Leading first aid charities are issuing new advice to parents on what to do if their baby chokes after research showed many have no idea what action to take.
St John Ambulance, the British Red Cross and St Andrew's First Aid have agreed a change to the technique for dealing with babies under one who are choking.
Previously, the advice was to place infants along the parent's arm face down, but this is now changing to placing the baby face down along the thigh.
Experts say this position offers much more support for the baby while the parent or carer administers blows to the baby's back.
The change in advice, to be officially announced on March 3, comes as a survey of 1,000 parents of under-fives found more a third (38%) have seen their child choke.
Half of these parents admitted they did not know the correct procedure for helping their child, or ways to clear the obstruction.
The poll found only 9% of parents would f eel very confident administrating first aid if their child or another youngster started choking. Some 16% said they would not be confident at all.
Almost half (47%) of parents admitted avoiding giving their child certain foods for fear they might choke, and more than half disagreed with the statement "l let my child eat anything and don't worry about it".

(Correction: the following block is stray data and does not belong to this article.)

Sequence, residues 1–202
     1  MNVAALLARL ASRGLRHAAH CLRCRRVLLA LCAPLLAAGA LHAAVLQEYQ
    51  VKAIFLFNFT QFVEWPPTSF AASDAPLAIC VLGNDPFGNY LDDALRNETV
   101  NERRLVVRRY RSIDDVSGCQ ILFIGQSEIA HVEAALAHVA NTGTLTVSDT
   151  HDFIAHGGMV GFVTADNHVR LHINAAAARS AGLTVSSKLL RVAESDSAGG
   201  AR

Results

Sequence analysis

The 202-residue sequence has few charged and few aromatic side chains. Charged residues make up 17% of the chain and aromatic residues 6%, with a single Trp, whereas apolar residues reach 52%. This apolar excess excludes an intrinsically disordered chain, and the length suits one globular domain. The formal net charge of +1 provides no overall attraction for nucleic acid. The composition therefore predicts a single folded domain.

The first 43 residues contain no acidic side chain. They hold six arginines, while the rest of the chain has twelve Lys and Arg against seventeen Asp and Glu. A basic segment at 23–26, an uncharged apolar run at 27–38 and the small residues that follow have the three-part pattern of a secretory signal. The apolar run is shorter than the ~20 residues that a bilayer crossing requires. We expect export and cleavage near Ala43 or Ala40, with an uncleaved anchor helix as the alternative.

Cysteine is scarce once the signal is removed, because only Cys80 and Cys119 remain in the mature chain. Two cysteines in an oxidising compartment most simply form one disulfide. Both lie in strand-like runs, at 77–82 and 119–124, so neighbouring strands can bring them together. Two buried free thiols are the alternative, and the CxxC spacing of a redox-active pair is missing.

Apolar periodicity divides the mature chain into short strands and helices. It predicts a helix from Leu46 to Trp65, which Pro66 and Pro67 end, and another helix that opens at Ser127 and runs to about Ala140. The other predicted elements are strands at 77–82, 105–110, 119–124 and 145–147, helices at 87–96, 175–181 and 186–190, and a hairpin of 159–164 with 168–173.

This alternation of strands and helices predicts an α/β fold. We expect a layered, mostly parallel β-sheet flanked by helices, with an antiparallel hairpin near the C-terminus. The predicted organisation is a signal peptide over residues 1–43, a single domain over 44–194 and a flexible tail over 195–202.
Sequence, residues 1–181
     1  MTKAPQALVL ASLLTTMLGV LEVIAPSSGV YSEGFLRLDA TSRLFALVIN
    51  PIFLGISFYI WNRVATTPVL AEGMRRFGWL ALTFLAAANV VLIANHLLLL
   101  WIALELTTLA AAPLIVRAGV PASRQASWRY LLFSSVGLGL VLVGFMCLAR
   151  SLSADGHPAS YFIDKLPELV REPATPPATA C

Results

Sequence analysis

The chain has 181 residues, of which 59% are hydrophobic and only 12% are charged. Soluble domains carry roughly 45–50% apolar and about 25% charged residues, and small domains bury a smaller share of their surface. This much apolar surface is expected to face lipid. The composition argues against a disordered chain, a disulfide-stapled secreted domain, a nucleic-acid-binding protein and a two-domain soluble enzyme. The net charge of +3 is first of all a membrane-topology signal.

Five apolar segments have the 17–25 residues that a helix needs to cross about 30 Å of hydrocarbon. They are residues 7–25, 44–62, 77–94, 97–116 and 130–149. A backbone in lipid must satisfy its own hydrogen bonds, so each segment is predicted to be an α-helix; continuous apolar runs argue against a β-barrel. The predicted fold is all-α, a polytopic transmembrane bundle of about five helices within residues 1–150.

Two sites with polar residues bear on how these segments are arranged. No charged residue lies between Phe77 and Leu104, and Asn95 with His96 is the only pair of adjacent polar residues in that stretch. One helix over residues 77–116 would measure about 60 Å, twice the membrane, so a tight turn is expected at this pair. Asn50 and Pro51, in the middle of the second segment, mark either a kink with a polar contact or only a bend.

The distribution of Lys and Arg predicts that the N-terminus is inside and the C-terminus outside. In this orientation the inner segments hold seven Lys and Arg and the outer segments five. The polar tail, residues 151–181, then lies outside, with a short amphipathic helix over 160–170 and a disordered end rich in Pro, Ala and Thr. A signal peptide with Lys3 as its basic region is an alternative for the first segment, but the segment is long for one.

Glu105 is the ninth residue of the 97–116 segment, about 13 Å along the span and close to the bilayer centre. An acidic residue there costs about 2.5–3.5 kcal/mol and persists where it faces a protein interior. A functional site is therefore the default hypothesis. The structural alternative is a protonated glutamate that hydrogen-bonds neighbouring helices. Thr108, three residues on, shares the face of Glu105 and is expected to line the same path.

The survey was released to mark the latest edition of the First Aid Manual, written and authorised by St John Ambulance, St Andrew's First Aid and the British Red Cross.
Clive James, training officer at St John Ambulance, said: 'If an infant is choking then, in the first instance, they should be laid face down along your thigh and supported by your arm, give them five back blows between the shoulder blades with your heel of your hand.
"Previously this was done along the arm but the leg is felt to be more secure and provide more support.
"Check their mouth for any obstruction. If there is still a blockage then turn the infant onto their back and give up to five chest thrusts.
"Use two fingers, push inwards and upwards against their breastbone. If the obstruction does not clear after three cycles of back blows and chest thrusts, call for an ambulance and continue until help arrives.
"This is one of the major changes covered in the new first aid manual. We recommend every household has one so they have information to hand in case of an emergency."
Andrew New, speaking on behalf of all three charities, said: "Treating a child for choking is easy when you know how. The new manual contains the latest guidance on choking and other procedures and is a must for every home."